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7 Kindle tricks for iPhone users

Become a Kindle-for-iOS power user with these handy tips.

Rick Broida Senior Editor
Rick Broida is the author of numerous books and thousands of reviews, features and blog posts. He writes CNET's popular Cheapskate blog and co-hosts Protocol 1: A Travelers Podcast (about the TV show Travelers). He lives in Michigan, where he previously owned two escape rooms (chronicled in the ebook "I Was a Middle-Aged Zombie").
Rick Broida
4 min read

Reading a magazine on an iPhone is less than ideal (left), unless you switch to the Kindle app's text view (right).

Screenshot by Rick Broida/CNET

Reading books on your iPhone : awesome. Doing other cool stuff with the Kindle iOS app: icing on the cake.

For example, did you know you can save web pages for later viewing? Or organize your books into folders? Here's how to do all that and more.

Buy books on the go

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Visit the Kindle Mobile Store in your browser if you want to buy Kindle ebooks on your iPhone.

Screenshot by Rick Broida/CNET

Owing to Apple's maddening license restrictions, you can't buy Kindle books from within the Kindle app. Nor can you buy them from with Amazon 's own shopping app. [Exasperated sigh.] But you can buy them on your iPhone; you simply have to duck out of Kindle and into your browser.

Head to the Kindle Store for iPhone, find the book you want, then buy it like you normally would. Now return to the Kindle app and you should see the new purchase in your library. (If not, tap Menu and then Sync to update the library.)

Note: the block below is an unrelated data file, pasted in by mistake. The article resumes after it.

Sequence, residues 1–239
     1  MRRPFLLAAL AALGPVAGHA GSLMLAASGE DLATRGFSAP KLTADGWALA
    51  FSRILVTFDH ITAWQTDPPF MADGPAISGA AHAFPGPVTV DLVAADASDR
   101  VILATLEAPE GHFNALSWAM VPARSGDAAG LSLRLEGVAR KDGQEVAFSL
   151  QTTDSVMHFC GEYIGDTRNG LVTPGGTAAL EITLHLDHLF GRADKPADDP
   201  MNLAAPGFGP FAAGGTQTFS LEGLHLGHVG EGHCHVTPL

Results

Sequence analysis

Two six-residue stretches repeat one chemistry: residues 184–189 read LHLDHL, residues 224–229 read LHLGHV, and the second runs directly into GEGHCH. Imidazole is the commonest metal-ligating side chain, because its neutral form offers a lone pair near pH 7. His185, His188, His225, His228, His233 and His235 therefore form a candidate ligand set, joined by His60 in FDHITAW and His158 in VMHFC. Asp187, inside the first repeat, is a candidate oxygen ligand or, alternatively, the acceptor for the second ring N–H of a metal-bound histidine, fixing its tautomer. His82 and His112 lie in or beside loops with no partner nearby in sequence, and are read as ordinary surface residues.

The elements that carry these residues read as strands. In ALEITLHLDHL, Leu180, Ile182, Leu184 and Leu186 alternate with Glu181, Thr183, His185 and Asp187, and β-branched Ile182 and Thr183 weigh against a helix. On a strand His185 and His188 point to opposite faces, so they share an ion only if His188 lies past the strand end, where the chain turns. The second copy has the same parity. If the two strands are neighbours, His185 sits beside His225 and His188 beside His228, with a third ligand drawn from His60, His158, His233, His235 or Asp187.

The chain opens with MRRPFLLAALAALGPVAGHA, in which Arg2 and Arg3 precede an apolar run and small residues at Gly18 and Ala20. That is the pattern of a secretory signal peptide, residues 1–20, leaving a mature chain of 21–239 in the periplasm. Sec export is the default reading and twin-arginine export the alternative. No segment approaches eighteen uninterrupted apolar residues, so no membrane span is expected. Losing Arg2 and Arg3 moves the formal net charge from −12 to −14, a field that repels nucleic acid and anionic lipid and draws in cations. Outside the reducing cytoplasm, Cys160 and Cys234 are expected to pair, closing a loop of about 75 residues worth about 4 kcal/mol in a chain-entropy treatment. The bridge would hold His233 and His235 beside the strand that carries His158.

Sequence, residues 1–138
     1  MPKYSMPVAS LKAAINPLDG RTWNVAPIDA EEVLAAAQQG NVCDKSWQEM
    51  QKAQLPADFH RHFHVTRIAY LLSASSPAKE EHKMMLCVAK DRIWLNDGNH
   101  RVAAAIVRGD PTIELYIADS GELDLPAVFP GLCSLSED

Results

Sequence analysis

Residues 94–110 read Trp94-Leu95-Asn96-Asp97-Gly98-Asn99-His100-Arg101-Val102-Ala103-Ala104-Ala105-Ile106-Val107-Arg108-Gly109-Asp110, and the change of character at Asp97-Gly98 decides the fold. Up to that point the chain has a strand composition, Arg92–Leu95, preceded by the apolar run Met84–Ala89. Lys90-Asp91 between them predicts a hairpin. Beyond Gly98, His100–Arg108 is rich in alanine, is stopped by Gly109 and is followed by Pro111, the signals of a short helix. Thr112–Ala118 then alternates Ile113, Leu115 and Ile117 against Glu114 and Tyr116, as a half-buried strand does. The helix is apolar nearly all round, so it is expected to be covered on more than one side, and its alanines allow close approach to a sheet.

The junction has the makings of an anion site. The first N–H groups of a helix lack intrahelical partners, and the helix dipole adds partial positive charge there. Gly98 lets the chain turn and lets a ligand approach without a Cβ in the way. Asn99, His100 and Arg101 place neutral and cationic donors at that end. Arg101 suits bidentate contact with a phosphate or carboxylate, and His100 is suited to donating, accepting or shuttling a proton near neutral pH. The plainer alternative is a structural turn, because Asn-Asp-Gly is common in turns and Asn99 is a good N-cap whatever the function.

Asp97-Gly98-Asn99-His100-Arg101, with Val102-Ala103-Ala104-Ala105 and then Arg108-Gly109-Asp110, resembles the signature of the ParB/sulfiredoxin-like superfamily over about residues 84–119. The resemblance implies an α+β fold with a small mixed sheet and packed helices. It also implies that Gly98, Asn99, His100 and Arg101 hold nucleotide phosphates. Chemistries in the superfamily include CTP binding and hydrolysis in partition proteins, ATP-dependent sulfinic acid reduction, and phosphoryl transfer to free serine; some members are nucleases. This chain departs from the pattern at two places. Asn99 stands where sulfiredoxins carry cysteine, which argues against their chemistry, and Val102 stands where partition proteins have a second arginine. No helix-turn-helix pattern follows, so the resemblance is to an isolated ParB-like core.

Pro tip: Bookmark that link, add it to your Home screen and put it right next to the Kindle icon for fast and easy access.

Improve the mobile magazine experience

Psst! Little-known fact: Amazon Prime subscribers can get free magazines every month. (That's just one of many Prime perks; here's a complete list of the others.) But would you really want to? After all, a magazine isn't exactly an ideal fit on a pocket-size screen.

Indeed, upon perusal of something like "Time," you'll almost certainly balk at the amount of zooming and scrolling needed to read an article. Thankfully, the Kindle app offers a text-view mode that strips away any images and reformats the text for small-screen viewing. Just tap anywhere in the magazine to access the view options, then tap the text-view icon in the upper-right corner.

Organize your ebooks

Over time, your ebook library can grow into an unruly, unmanageable mess. Just keeping the books you've already read separated from those you haven't can prove challenging.

Collections to the rescue. This is the Kindle app's version of folders, a simple way to catalog books in your library. For example, you might create one collection called "Read" and another called "Unread." Now, whenever you buy a new book, you immediately add it to the latter collection. When you're done, you move it to the former.